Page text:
The 2012 Olympics are not far away and preparations are already underway. The coming years definitely hold promises of better performances provided that we take up the initiative to address the cause of sport promotion. It is only then that India can hope to lead the medal tally along with the likes of China and U.S.A.

By A M Radhika:

We have seen a humongous increase in the number of volunteer movements particularly after the year 2003-04 covering a wide range of social service arenas from blood donation and banking to providing shelter for the underprivileged, especially focused on child welfare. Quite a lot of them are entirely devoted to education. Some of the prominent organizations have a continuous development process, indicating very strongly that they are not just names. You can see their actual ground work everywhere here.

It is to be understood that as much as we all like to talk about development, initiative and education, there remains very little one can do without the right resources namely money and people. We are in times when the ‘charity’ angle doesn’t go well. Non-traditional sources of funding like local businessmen and employees, a diversified fund raising program for local, national as well as overseas donors, taking in mass, the college students to help out with their activities as a part of an internship, coalition with educational institutions for infrastructure, developing information kiosks and the outright marketing and publicity are the bigger steps in managing only a child’s primary education that costs little, but pays off so well in shaping an innocent life.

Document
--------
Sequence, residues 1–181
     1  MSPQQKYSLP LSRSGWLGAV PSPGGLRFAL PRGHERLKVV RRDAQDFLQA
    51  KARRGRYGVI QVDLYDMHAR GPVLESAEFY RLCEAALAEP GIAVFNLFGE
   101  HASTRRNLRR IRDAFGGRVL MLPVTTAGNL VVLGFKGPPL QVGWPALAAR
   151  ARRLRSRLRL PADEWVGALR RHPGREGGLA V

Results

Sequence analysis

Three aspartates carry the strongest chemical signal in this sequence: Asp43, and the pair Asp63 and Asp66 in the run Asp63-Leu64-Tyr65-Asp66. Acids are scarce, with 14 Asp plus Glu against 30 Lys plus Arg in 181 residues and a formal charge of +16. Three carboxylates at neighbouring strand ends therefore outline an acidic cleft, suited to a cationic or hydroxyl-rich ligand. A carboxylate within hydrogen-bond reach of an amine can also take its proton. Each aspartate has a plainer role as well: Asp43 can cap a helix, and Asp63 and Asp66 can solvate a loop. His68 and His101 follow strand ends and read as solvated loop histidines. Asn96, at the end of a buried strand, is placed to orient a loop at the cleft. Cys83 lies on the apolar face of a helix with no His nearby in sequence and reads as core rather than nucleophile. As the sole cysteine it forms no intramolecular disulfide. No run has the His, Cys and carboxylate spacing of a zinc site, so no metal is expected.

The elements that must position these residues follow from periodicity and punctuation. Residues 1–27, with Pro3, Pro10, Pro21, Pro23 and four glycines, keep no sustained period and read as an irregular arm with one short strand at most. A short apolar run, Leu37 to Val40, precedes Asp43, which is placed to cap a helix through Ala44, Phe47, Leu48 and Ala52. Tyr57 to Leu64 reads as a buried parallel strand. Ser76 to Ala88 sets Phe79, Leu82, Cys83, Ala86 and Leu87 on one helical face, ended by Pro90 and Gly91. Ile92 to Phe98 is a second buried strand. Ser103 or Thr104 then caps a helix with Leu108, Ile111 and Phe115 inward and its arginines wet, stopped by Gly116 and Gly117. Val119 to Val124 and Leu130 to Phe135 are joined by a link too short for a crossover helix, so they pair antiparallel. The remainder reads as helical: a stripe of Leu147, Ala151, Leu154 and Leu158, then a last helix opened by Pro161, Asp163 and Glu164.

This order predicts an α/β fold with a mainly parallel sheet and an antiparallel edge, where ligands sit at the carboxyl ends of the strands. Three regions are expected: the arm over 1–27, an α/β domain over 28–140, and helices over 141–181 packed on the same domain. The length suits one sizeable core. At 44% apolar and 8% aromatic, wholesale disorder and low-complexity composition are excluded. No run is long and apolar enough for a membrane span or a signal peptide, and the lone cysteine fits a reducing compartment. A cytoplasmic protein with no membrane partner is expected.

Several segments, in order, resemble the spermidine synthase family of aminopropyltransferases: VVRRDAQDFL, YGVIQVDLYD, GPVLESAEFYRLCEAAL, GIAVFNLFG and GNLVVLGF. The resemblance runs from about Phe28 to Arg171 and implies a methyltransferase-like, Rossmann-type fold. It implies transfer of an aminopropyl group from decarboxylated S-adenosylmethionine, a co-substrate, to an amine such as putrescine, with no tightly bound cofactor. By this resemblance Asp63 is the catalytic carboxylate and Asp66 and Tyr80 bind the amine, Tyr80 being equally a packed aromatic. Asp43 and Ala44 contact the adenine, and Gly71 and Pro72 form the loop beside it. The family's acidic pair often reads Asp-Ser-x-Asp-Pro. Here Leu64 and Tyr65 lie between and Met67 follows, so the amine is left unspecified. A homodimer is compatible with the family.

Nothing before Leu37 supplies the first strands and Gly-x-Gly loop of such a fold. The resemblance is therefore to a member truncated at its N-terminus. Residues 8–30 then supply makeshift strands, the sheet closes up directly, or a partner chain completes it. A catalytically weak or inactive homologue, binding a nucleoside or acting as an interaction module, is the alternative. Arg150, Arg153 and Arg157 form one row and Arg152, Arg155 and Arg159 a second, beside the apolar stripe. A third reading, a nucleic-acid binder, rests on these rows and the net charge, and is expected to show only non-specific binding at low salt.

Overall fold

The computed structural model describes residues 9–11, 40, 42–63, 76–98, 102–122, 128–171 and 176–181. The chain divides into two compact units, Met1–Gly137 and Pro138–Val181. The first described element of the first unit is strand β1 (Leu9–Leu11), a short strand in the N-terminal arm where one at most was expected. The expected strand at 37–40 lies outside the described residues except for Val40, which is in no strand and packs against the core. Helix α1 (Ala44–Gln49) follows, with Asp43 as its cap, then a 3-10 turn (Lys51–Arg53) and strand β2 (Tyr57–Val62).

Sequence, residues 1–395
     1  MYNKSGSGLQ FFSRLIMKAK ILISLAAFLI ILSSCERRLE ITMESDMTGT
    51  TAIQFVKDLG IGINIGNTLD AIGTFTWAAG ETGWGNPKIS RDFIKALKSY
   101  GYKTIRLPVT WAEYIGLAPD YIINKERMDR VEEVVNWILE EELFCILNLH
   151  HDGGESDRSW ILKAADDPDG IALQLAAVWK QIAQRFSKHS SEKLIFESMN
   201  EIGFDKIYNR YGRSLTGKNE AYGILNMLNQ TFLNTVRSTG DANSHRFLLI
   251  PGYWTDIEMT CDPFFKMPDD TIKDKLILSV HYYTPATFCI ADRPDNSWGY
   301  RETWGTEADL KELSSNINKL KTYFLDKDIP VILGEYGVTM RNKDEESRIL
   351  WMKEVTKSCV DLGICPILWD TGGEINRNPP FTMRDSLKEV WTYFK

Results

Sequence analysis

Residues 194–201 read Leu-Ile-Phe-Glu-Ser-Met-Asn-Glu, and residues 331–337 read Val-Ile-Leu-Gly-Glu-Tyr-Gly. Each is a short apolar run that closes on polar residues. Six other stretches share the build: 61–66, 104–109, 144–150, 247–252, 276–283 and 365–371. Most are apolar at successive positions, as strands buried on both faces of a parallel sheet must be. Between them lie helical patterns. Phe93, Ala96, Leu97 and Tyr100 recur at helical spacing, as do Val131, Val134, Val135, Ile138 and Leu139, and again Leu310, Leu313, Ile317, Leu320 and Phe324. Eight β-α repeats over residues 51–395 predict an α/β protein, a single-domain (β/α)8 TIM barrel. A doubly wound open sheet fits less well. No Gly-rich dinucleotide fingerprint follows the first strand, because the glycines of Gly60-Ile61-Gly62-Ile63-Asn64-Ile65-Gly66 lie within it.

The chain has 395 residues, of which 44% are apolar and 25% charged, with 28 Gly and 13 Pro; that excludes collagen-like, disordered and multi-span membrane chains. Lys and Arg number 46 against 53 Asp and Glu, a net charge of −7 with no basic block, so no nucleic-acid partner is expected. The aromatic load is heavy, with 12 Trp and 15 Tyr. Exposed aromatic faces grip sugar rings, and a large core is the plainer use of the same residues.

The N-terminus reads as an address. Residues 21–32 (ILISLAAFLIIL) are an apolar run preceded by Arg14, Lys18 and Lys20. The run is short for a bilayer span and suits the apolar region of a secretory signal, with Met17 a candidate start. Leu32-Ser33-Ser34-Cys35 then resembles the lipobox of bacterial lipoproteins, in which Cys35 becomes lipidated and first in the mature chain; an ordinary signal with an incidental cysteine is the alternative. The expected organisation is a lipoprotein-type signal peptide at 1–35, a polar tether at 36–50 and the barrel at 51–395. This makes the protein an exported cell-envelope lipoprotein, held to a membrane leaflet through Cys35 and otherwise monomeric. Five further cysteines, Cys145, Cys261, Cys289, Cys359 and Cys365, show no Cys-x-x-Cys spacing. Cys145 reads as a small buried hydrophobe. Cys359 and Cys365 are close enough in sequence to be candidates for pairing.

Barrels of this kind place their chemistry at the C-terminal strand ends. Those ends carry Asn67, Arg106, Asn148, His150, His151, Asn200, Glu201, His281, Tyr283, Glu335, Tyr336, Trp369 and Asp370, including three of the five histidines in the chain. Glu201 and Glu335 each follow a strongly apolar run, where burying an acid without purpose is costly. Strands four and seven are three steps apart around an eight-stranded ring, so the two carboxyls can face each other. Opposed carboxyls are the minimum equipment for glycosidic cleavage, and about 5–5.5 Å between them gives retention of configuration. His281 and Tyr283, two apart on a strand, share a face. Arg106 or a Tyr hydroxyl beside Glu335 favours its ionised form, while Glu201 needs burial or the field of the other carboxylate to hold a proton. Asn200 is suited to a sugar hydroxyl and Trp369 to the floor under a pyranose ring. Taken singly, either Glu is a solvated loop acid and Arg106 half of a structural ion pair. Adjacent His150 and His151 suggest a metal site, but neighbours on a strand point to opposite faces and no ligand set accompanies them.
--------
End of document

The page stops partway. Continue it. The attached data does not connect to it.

Yes, this does bring us close to ‘development’, but are we to believe this ensures that there would be no drop outs, or if the child’s future is taken care of? Moreover, in times of exceptional demands of skilled workforce, what is primary education going to provide for? How does one bridge the gap between seeking proper clothing/shelter for the winters and paying for school? If well off teens known to you and me alike can throw a ‘I’ll be what I want to be, not what you tell me to’ routine, will it be fair to the boy doing the dirty dishes and cleaning tables in that ‘local dhaba’? May be the answer lies in the pleasant smile of a kid who I just saw coming out of a painting event organized by, of course, an NGO, with blobs of color all over and the outline of a sunrise on the paper. May be this time, instead of applying to glamorous names, you could apply for an internship to change lives and see what actual ground work is all about. May be instead of taking long vacations abroad, you could take your kid for a show of ‘The Other Side of Us’.